Marie Curie

Marie Curie

Mr. Nussbaum
1 episode

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Isolating Polonium Marie Curie was born on November 7, 1867, as the youngest of five children. In 1891, Curie moved to France and lodged with her sister while studying physics and math at Sorbonne University in Paris. She met her future husband, Pierre Curie, in 1894 and married him a year later; both the Curies then began work trying to uncover the mysteries of physics’ most mind-boggling particles. The Curies worked at the School of Chemistry and Physics in Paris and began researching the invisible rays given off by an element called uranium. Marie Curie collected samples of a mineral called pitchblende and discovered it gave off more rays than did uranium alone. She hypothesized that pitchblende was made of more than just uranium, and began trying to separate its different contents. Eventually, she and her husband were able to isolate a new element called polonium: one that was 330 times more radioactive than uranium. Proving the Existence of Radium at the Expense of Their Health Even after extracting polonium, Marie Curie still noticed a radioactive liquid that remained in the composition of pitchblende, and decided to study it further. She and her husband published a paper theorizing about the existence of this new element in 1898, calling the element radium: but they still needed to find some concrete proof. To do so, Curie purchased huge amounts of pitchblende with the uranium already removed—a highly radioactive substance that had negative effects on her and her husband’s health. After years of research and extraction, Marie and Pierre Curie proved radium’s existence in 1902. Both of them won the Nobel Prize for physics in 1903 due to their hard work. Battlefield Technology In 1906, Pierre Curie died in a horse and cart accident. Marie continued with her work; in World War I, she helped to create portable x-ray units that were used to diagnose injuries on the battlefield. By 1914, her machines—known as Petits Curies—were being transported to the front lines of battles along with Marie herself. The technology used in the Petits Curies is similar to what we use in modern-day fluoroscopy machines that examine moving images in the body, such as a beating heart. First Woman to Win the Nobel Peace Prize in Physics Marie Curie died in 1934 due to a medical condition developed after years of radiation exposure at age 66—but not before leaving a significant impact on the science world. She was the first woman to win a Nobel Prize in physics, and the first person to receive two Nobel Prizes: one in physics, and another for chemistry in 1911. She made large strides in the fields of science as a smart, talented, and powerful woman.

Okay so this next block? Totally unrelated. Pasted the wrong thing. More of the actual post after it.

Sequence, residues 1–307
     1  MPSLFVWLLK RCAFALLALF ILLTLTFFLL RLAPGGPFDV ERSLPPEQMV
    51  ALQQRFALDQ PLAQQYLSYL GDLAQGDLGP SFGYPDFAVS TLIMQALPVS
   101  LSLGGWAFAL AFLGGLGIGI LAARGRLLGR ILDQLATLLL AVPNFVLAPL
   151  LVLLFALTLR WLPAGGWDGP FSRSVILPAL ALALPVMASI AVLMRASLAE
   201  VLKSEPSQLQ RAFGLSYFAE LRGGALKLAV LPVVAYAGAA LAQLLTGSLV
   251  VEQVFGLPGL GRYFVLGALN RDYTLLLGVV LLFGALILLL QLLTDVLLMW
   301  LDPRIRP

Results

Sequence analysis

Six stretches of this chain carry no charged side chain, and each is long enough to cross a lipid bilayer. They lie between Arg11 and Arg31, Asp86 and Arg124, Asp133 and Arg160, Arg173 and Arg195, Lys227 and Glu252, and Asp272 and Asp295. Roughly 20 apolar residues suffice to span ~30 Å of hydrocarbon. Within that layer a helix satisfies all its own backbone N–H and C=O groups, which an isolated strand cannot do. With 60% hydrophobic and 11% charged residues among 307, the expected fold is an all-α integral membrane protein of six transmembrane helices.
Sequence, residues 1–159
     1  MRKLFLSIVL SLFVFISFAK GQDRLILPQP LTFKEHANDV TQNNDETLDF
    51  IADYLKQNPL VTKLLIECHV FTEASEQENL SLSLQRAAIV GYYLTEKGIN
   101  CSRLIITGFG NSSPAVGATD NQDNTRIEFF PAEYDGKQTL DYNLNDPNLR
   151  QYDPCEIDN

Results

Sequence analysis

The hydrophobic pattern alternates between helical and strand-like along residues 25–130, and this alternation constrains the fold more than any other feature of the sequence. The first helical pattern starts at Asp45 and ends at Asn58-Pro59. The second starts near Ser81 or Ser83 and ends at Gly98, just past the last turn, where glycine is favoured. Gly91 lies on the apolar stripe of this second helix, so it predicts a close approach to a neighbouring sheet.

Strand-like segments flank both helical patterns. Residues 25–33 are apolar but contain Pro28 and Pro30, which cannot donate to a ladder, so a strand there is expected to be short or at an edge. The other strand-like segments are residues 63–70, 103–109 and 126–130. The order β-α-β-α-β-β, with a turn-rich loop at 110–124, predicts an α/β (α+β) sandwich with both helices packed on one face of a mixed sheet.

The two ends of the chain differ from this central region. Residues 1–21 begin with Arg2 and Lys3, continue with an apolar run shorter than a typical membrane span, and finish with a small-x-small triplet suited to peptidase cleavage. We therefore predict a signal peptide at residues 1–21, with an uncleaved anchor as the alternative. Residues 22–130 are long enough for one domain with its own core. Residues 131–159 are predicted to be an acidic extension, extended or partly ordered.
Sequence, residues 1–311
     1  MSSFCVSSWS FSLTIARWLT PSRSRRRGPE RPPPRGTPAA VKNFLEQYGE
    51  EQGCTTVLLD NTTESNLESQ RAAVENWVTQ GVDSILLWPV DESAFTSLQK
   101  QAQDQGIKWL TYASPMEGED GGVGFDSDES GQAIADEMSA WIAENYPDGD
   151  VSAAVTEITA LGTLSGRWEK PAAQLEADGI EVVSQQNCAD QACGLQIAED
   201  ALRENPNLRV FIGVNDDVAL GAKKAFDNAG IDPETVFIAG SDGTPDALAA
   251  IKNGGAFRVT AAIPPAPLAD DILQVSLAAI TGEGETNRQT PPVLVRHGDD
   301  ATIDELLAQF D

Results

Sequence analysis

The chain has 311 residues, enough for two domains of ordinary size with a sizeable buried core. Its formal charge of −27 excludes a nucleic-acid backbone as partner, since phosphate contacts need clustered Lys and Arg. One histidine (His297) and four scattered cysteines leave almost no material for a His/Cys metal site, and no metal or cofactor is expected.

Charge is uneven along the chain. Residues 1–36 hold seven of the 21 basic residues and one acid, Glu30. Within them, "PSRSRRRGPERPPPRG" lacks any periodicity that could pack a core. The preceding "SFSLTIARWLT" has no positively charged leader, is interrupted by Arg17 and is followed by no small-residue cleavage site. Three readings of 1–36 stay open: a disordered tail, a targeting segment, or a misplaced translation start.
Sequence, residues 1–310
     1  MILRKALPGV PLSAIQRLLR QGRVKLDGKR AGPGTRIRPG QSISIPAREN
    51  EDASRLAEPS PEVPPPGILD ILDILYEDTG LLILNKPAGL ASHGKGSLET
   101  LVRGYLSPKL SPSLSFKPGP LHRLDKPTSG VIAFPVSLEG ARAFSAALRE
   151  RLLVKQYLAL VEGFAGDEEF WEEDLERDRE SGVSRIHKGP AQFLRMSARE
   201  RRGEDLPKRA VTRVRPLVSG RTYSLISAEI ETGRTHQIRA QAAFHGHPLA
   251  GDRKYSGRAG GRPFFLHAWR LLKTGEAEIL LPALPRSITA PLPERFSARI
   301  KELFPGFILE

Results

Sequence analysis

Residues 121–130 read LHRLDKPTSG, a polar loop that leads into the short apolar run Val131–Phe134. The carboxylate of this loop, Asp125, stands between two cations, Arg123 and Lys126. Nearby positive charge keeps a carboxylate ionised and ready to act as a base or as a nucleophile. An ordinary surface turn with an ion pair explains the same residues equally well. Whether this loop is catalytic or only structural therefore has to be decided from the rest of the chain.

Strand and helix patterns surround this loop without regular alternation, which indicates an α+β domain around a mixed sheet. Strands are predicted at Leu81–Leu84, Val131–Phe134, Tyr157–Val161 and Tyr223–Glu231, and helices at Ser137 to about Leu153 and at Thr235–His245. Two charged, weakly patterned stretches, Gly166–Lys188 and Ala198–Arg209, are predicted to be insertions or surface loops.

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01 September 2021

Marie Curie

Eduard Gómez
Isolating Polonium Marie Curie was born on November 7, 1867, as the youngest of five children. In 1891, Curie moved to France and lodged with her sister while studying physics and math at Sorbonne University in Paris. She met her future husband, Pierre Curie, in 1894 and married him a year later; both the Curies then began work trying to uncover the mysteries of physics’ most mind-boggling particles. The Curies worked at the School of Chemistry and Physics in Paris and began researching the invisible rays given off by an element called uranium. Marie Curie collected samples of a mineral called pitchblende and discovered it gave off more rays than did uranium alone. She hypothesized that pitchblende was made of more than just uranium, and began trying to separate its different contents. Eventually, she and her husband were able to isolate a new element called polonium: one that was 330 times more radioactive than uranium. First Woman to Win the Nobel Peace Prize in Physics Marie Curie died in 1934 due to a medical condition developed after years of radiation exposure at age 66—but not before leaving a significant impact on the science world. She was the first woman to win a Nobel Prize in physics, and the first person to receive two Nobel Prizes: one in physics, and another for chemistry in 1911. She made large strides in the fields of science as a smart, talented, and powerful woman.